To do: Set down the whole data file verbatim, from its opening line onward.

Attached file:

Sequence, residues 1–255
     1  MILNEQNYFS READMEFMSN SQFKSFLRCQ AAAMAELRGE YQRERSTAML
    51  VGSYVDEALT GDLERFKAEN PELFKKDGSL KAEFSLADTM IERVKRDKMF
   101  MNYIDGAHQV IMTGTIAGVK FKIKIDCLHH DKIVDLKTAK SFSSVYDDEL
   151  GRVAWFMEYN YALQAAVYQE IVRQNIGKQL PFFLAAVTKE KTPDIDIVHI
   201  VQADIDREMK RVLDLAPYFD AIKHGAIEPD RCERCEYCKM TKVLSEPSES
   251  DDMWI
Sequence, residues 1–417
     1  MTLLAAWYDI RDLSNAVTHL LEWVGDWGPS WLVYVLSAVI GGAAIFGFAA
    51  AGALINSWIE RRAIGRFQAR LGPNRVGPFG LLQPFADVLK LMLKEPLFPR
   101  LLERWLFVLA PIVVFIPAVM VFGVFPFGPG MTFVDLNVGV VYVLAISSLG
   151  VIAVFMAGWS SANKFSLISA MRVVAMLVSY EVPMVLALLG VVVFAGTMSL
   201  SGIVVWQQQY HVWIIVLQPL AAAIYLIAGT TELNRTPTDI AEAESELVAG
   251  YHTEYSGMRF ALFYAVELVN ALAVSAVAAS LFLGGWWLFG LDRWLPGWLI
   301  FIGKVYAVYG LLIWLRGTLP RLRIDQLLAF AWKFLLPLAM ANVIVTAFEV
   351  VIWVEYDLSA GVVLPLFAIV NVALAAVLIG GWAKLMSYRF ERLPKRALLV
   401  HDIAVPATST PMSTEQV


Sequence, residues 1–255
     1  MILNEQNYFS READMEFMSN SQFKSFLRCQ AAAMAELRGE YQRERSTAML
    51  VGSYVDEALT GDLERFKAEN PELFKKDGSL KAEFSLADTM IERVKRDKMF
   101  MNYIDGAHQV IMTGTIAGVK FKIKIDCLHH DKIVDLKTAK SFSSVYDDEL
   151  GRVAWFMEYN YALQAAVYQE IVRQNIGKQL PFFLAAVTKE KTPDIDIVHI
   201  VQADIDREMK RVLDLAPYFD AIKHGAIEPD RCERCEYCKM TKVLSEPSES
   251  DDMWI
Sequence, residues 1–417
     1  MTLLAAWYDI RDLSNAVTHL LEWVGDWGPS WLVYVLSAVI GGAAIFGFAA
    51  AGALINSWIE RRAIGRFQAR LGPNRVGPFG LLQPFADVLK LMLKEPLFPR
   101  LLERWLFVLA PIVVFIPAVM VFGVFPFGPG MTFVDLNVGV VYVLAISSLG
   151  VIAVFMAGWS SANKFSLISA MRVVAMLVSY EVPMVLALLG VVVFAGTMSL
   201  SGIVVWQQQY HVWIIVLQPL AAAIYLIAGT TELNRTPTDI AEAESELVAG
   251  YHTEYSGMRF ALFYAVELVN ALAVSAVAAS LFLGGWWLFG LDRWLPGWLI
   301  FIGKVYAVYG LLIWLRGTLP RLRIDQLLAF AWKFLLPLAM ANVIVTAFEV
   351  VIWVEYDLSA GVVLPLFAIV NVALAAVLIG GWAKLMSYRF ERLPKRALLV
   401  HDIAVPATST PMSTEQV